Article

Glypican-3 is overexpressed in lung squamous cell carcinoma, but not in adenocarcinoma.

Department of Pathology, University Health Network-Princess, Margaret Hospital, Ontario Cancer Institute, Toronto, ON, Canada.
Modern Pathology (Impact Factor: 6.36). 08/2008; 21(7):817-25. DOI: 10.1038/modpathol.2008.37
Source: PubMed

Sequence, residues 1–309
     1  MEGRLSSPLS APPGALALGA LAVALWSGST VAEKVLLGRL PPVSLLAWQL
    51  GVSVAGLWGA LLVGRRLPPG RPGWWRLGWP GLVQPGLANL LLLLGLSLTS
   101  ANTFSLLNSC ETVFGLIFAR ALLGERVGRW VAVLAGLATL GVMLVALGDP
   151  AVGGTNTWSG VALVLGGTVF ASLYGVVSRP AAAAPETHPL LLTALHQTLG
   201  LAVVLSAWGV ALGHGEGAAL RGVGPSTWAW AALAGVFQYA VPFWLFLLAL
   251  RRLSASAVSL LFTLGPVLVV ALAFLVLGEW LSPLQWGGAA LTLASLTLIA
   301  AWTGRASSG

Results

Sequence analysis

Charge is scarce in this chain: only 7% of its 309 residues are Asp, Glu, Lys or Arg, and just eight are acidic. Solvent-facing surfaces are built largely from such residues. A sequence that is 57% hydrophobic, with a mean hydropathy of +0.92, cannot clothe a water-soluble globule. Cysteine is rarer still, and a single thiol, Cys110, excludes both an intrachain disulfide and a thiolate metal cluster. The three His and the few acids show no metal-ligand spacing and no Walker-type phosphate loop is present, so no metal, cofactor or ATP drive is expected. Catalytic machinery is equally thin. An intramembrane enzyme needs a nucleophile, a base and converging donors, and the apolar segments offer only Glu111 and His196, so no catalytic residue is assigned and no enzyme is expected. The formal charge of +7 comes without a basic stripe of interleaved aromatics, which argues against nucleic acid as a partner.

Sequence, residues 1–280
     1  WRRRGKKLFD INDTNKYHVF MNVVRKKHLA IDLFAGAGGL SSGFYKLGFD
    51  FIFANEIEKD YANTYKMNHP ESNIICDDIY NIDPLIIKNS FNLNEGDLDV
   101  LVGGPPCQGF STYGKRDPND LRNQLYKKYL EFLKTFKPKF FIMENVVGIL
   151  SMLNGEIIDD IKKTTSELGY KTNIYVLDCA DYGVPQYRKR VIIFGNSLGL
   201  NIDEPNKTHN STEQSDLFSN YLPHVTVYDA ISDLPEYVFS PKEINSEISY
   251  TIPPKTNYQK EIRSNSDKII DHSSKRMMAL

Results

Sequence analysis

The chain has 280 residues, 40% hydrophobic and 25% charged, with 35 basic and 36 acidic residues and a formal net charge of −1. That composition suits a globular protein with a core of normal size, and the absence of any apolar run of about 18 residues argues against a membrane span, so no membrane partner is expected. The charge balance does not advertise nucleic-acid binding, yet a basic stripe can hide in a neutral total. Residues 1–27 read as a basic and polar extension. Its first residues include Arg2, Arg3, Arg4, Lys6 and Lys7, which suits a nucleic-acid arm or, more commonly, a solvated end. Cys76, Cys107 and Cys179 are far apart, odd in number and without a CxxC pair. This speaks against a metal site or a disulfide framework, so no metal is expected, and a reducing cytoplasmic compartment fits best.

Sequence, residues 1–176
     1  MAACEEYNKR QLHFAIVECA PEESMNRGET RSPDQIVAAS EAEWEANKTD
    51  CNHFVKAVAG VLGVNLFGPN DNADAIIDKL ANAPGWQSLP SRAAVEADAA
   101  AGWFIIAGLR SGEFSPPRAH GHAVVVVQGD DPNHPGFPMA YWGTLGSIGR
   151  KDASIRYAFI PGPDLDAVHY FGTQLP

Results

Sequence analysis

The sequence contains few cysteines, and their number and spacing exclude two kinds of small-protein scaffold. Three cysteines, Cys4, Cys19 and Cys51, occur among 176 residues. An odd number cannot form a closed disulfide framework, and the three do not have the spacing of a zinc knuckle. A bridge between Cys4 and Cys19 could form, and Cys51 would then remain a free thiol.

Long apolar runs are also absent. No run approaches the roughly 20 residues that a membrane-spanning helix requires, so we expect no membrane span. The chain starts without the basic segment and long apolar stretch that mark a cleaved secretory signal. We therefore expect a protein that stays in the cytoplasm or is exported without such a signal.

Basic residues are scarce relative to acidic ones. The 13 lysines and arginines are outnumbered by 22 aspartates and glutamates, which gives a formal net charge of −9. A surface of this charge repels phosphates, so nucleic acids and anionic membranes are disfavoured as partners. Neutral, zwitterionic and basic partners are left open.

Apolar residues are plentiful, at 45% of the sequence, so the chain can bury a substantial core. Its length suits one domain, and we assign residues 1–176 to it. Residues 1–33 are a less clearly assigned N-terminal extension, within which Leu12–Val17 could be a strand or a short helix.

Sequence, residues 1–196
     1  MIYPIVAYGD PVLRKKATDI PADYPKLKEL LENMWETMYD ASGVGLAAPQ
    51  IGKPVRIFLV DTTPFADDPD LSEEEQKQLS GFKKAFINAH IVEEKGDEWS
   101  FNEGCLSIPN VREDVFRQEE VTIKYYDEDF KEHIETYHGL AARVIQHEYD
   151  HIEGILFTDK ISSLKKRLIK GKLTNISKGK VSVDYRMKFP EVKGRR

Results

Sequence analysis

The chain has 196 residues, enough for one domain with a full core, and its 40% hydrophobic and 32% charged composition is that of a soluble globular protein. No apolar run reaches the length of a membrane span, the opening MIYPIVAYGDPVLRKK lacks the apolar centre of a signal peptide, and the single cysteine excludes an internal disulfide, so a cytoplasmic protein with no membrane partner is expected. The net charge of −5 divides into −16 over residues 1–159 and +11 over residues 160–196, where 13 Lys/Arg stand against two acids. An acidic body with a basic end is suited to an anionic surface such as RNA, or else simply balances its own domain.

ABSTRACT Glypican-3 is a membrane-bound proteoglycan whose expression has been linked to malignancies through the existence of both mutations and aberrant protein expression. Reports on glypican-3 expression in lung cancer were limited, with some evidence for loss of expression, which suggested a tumor-suppressor role. We sought to evaluate glypican-3 expression in lung cancer at the protein and mRNA levels and correlate it with clinical, histological and genomic characteristics such as RAS mutation status. We used immunohistochemistry on tissue microarray to study glypican-3 expression in 97 patients, evaluated glypican-3 mRNA levels by quantitative polymerase chain reaction in 143 patients and identified RAS mutations by allele-specific oligonucleotide hybridization. We correlated the results with clinical and histological data. Glypican-3 immunostaining was negative in all normal lung tissues, but positive in 23% of lung carcinoma samples. High protein and mRNA expression was associated with squamous histology (positive stain in 55% of squamous cell carcinoma vs 8% of adenocarcinoma, P<0.0001 for both immunostaining and mRNA). RAS mutations were highly associated with adenocarcinoma and low glypican-3 mRNA expression (P<0.0001 for both). Among smokers, glypican-3 mRNA expression was reduced in adenocarcinoma patients (P=0.013), and was elevated in those with squamous cell carcinoma (P=0.03, interaction P=0.0009). These opposing associations also correlated with the smoking burden. Patients with tumors staining positively for glypican-3 smoked significantly more than patients with tumors staining negatively (P=0.013). No association was found between glypican-3 expression and patient outcome. In conclusion, glypican-3 was overexpressed in cancerous compared with normal lung tissue. Adenocarcinoma and squamous cell carcinoma had differential expression of glypican-3, with predilection to squamous cell carcinoma patients who smoked. Glypican-3 expression in squamous cell carcinoma as an oncofetal protein renders it a potential candidate marker for early detection of lung squamous cell carcinoma.

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